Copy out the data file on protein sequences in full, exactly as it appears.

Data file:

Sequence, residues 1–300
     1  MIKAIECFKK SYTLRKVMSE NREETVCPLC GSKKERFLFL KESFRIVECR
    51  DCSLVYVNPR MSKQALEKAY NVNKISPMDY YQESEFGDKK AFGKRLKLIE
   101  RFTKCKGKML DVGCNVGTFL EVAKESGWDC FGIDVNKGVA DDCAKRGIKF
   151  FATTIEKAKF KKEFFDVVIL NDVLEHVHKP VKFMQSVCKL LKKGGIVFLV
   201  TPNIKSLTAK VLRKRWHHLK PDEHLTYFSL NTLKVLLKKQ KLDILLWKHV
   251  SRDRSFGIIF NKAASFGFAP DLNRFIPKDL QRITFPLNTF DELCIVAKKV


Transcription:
Sequence, residues 1–300
     1  MIKAIECFKK SYTLRKVMSE NREETVCPLC GSKKERFLFL KESFRIVECR
    51  DCSLVYVNPR MSKQALEKAY NVNKISPMDY YQESEFGDKK AFGKRLKLIE
   101  RFTKCKGKML DVGCNVGTFL EVAKESGWDC FGIDVNKGVA DDCAKRGIKF
   151  FATTIEKAKF KKEFFDVVIL NDVLEHVHKP VKFMQSVCKL LKKGGIVFLV
   201  TPNIKSLTAK VLRKRWHHLK PDEHLTYFSL NTLKVLLKKQ KLDILLWKHV
   251  SRDRSFGIIF NKAASFGFAP DLNRFIPKDL QRITFPLNTF DELCIVAKKV